On Monday, staff at the University of Liverpool returned to work after two weeks of strikes. It is the second strike by around 1,300 members of the Faculty of Health and Life Sciences called by the University and College Union (UCU) after the university announced 47 planned redundancies in January.
The Faculty of Health and Life Sciences carries out important research in areas such as health inequality, with its Institute of Population Health taking part in many local projects, including a major new study into Long COVID. The faculty has over 1,850 staff, 5,000 undergraduates and 1,000 postgraduate students.
The university has absurdly claimed that in order to free up resources to invest in the health sciences, it has to first make cuts to the health sciences! Its job cuts are part of the university’s Project SHAPE restructuring of the Faculty of Health and Life Sciences, which it claimed was “implemented in order to help tackle the extreme health inequalities and unmet health needs in the Liverpool City Region.”
In reality, the plan is yet another cost cutting measure to “compete” in the marketised higher education system. The proposal for Project SHAPE, obtained by Freedom of Information campaigner Julian Todd, alludes to “societal benefit and health outcomes” but these are not mentioned. Higher on the list are increased student recruitment and “[i]ncreased financial stability, creating headroom for re-investment in emerging strategic priorities, and ongoing investment in facilities.”
The proposal makes clear the reforms are intended to implement cuts to strengthen the university’s finances and league table position, not improve health services. The success of the restructure would “make a substantial contribution to fulfilling the aims of Strategy 2026, including a top 100 world ranking for the University”. Strategy 2026 commits to “generating an annual surplus of at least 4% by 2026, while maintaining a minimum holding of £60m in cash”.
These plans will cause enormous damage to health services for the most vulnerable. The Liverpool Echo interviewed an academic targeted for redundancy, Dr Luna Centifanti, a clinical psychologist working in North Birkenhead—one of the most deprived areas in the UK.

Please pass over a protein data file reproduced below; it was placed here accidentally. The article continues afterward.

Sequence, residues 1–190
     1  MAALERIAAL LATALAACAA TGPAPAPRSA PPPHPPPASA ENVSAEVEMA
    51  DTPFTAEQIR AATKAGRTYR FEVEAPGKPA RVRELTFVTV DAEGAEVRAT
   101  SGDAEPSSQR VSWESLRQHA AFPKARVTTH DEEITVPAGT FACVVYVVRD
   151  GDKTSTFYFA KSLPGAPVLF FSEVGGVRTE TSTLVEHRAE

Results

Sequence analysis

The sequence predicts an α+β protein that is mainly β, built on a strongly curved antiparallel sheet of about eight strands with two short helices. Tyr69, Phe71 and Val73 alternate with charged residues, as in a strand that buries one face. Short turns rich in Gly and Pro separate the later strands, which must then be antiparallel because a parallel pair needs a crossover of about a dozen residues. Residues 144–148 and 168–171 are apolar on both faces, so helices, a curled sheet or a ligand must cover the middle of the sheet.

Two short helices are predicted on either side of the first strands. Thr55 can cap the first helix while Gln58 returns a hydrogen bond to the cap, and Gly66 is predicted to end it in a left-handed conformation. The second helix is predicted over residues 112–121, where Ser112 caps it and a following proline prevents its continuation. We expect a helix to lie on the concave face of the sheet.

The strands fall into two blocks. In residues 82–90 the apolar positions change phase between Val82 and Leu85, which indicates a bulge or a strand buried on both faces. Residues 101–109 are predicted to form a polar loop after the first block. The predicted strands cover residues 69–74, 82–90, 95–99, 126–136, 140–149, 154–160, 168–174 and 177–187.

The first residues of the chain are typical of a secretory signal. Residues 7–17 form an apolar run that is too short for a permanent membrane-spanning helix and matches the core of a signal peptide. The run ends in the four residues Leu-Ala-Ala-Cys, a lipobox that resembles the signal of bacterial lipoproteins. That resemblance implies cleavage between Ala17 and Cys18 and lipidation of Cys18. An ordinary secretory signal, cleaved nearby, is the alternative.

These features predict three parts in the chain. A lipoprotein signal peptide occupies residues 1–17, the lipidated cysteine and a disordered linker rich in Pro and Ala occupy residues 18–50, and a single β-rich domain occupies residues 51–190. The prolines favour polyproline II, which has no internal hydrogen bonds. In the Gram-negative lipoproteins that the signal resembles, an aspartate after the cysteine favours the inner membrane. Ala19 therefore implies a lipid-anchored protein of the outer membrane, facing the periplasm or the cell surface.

Dr Centifani said that the plans were “not going to lead to a better research environment, [or] a better teaching environment.” The cuts also undermine the response to the COVID-19 pandemic, as the Faculty of Health and Life Sciences plays an important role in the “Liverpool STOP COVID” group.
These attacks expose the Johnson government’s lie that it is committed to scientific education. In launching philistine attacks on the arts and humanities as “dead-end courses”, Education Secretary Gavin Williamson claimed the government aimed to “create the valuable and technical courses our society needs.”
The attempts of the Tories to play off one section of academics against another is merely a cover for planned attacks on education and research all down the line. The government has no interest in promoting health research which would reveal the devastating impact of its austerity policies and its homicidal herd immunity response to the pandemic, and it enforces the competitive market mechanisms driving cuts in all areas of education.
An Office for Students was founded in 2018 to promote university “competition”, and Times Higher Education recently reported that figures within the Department for Education are considering cuts in tuition fees. To pay for this, universities will pursue even more aggressive student recruitment strategies, pushing up class sizes.
As it has done in many disputes, the UCU has called only for compulsory redundancies to be withdrawn. While the number of planned compulsory redundancies has been reduced from 47 to 2 since the first strikes in May, neither the UCU nor the university has announced how many workers have been pressured into accepting “voluntary” redundancy or early retirement.
Throughout the dispute at Liverpool, the UCU has worked to limit and isolate its members. The union insisted on an unnecessary “consultative” ballot before it would arrange a strike ballot, and then waited over a month after the second ballot closed before calling any strike action.